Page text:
Tuesday, January 8, 2013

An Ideal Trail

Last year I wrote a short article called An Ideal Trail for a local land trust newsletter. As part of my research for that story, I discovered this quote by Anne Lusk, a Vermont greenways advocate:  “People are different on a path. On a town sidewalk strangers may make eye contact, but that’s all. On a path like this [Stowe, VT] they smile, say hello, and pet one another’s dogs.” 

That sums up my sentiments exactly. Why is it sometimes so awkward to pass a stranger on a sidewalk -- do you make eye contact, look away, say hi -- and yet so easy to stop and chat with strangers on a trail in the woods, especially if we both have dogs. Maybe dogs are the key! And often I meet people that I haven't seen in a long time on a trail.

Today Kodi and I walked the Doe Farm conservation area in Durham, a favorite haunt that we had not visited in a long, long time. The woods road and paths on the property are groomed for x-country skiing  by a local group and by now are well-packed by skate-skiers. Kodi loved running straight out on the wide flat surface. Part way in we met up with my friend Chris and his daughter's dog, Shadow, a 15-month golden retriever.

While Kodi and Shadow played energetically as new best friends, Chris and I caught up on happenings. He lives in the same town but we usually only run into each other on this very trail, about once a year. He was recovering from recent emergency back surgery, remarkably well, perhaps because he's kept himself in great shape for his job as an undercover law enforcement officer. He catches people smuggling contraband and fishing illegally, and such. He retires soon and he has great stories. 

Chris and I parted ways and the dogs, all smiles, reluctantly separated and followed. The Doe Farm trail winds its way down to the Lamprey River and then along an old oxbow of the river. It is along the latter stretch that we often see people ice-fishing; today there were two young men tending their tip-ups. They had chairs and a sled and buckets for bait and fish, set out on the middle of the oxbow. Kodi and I were on the trail 100 yards away up on a river terrace, but Kodi is naturally curious and trotted out to investigate their set-up.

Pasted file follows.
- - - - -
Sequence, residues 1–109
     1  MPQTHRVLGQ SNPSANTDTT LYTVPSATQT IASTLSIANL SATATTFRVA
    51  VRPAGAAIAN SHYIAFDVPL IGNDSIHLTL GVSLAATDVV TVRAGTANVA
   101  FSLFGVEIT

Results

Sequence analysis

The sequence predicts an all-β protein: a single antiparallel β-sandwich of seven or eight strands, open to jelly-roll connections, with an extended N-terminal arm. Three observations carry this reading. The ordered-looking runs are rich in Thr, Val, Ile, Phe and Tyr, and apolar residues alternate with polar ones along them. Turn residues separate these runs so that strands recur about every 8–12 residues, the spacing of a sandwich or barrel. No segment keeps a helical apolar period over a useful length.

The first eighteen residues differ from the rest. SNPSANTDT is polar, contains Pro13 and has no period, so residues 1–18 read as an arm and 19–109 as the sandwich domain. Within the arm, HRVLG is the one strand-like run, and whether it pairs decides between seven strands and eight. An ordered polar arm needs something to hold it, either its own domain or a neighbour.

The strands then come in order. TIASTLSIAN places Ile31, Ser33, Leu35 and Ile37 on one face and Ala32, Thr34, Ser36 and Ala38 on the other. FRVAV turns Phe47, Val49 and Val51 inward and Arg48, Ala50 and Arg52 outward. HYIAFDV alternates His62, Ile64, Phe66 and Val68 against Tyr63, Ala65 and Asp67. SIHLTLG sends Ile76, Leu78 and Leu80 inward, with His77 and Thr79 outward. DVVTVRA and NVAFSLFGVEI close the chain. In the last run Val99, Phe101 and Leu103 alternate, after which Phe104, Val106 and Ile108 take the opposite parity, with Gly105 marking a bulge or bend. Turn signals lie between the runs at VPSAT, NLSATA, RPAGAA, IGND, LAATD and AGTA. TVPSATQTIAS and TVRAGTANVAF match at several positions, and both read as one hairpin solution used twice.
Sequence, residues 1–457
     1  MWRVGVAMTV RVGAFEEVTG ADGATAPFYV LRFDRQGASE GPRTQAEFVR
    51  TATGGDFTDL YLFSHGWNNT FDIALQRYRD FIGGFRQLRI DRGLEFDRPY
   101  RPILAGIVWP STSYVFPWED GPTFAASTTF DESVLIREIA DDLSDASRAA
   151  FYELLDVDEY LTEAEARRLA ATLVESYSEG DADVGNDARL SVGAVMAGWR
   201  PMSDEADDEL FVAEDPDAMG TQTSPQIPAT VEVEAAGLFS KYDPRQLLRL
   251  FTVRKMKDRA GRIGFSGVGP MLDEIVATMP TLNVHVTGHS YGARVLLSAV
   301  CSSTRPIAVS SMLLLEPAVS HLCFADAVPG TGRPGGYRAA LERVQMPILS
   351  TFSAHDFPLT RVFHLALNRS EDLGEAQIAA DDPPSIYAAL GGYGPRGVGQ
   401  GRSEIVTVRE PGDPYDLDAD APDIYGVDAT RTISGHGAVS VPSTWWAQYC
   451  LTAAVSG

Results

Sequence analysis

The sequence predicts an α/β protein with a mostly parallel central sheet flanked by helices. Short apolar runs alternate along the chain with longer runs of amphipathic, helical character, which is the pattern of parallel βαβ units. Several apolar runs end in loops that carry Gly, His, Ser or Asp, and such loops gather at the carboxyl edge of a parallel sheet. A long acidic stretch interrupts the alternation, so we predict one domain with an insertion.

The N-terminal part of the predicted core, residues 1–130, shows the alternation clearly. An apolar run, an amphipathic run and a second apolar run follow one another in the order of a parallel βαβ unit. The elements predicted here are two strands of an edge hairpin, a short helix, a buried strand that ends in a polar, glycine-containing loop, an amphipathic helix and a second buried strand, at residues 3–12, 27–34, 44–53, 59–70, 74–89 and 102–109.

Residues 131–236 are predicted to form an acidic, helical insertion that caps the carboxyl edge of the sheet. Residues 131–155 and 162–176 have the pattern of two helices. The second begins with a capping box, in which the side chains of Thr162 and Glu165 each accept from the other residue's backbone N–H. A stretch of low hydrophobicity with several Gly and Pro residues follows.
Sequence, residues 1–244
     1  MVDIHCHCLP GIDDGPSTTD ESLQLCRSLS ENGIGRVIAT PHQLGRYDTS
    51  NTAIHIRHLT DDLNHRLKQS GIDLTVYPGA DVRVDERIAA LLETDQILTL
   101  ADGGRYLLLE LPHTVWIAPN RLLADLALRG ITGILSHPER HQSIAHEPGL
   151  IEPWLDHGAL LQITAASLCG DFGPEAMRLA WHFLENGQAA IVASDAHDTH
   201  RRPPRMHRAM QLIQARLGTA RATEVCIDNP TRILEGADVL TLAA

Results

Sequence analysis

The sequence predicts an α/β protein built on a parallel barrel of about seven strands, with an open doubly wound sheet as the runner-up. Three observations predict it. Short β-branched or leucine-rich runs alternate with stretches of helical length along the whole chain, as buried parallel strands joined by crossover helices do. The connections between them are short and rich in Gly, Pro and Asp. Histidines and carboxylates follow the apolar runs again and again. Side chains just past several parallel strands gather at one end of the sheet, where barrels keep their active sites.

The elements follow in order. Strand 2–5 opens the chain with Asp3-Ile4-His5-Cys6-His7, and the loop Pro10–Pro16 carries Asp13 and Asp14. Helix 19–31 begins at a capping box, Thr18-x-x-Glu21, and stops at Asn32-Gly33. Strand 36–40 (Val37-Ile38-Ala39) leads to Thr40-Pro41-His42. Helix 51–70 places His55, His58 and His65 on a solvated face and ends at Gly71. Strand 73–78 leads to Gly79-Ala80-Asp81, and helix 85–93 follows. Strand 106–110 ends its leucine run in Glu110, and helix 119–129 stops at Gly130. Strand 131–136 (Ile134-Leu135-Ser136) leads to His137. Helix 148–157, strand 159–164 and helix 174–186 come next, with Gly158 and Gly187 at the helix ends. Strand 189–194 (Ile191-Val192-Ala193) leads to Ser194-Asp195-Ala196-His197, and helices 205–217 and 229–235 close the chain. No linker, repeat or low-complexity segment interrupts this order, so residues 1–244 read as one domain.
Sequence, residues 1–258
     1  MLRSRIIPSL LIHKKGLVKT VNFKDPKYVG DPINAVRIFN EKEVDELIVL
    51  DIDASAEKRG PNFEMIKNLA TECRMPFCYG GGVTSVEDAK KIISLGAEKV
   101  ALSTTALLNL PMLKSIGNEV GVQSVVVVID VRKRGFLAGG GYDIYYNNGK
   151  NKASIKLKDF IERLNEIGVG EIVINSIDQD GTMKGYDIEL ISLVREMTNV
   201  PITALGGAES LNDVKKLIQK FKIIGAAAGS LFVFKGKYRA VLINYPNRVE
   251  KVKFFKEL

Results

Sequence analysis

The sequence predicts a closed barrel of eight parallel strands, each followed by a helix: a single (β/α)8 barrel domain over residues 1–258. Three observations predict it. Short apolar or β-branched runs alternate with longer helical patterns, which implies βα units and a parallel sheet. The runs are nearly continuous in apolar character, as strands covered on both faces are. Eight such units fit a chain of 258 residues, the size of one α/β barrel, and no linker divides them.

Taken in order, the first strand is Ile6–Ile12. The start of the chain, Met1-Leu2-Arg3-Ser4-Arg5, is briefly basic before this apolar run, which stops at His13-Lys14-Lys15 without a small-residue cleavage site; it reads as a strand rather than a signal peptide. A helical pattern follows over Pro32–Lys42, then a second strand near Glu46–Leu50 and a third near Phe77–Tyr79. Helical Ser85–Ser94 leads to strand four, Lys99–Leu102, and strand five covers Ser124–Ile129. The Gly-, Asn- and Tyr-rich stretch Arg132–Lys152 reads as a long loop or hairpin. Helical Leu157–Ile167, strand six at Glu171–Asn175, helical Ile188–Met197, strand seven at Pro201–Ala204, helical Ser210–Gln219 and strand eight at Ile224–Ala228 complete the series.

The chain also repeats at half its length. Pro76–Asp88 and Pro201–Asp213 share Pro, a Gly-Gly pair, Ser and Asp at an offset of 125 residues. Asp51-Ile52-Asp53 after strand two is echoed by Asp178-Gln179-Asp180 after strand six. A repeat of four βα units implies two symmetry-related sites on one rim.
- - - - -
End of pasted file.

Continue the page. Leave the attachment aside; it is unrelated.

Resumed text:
The guys were happy to see Kodi, although Kodi wasn't sure what they were up too. He sniffed around their ice camp, perhaps smelling their fish or the bait. Once Kodi is on the scent of food he's hard to retract. One of the guys pulled out a piece of pepperoni (not sure if that was his lunch or his bait), brought it all the way over to me, enticing Kodi back to me. I went a little way farther down the trail before giving Kodi the pepperoni. As soon as he gulped it down he turned and ran back for more. He knew where that came from. Fortunately I was able to call him back this time, before he got too far. 

Another quote from my article was from Mariah Keagy, a former Appalachian Mountain Club (AMC) trails crew supervisor, who said: “a well-designed trail is not noticed, but sits elegantly on the contours of the land, allowing us to enjoy everything else.” On the the Doe Farm trail we met a friend and friendly strangers, happy dogs played in the snow, and Kodi got some pepperoni. For him it was an ideal trail. Me too.

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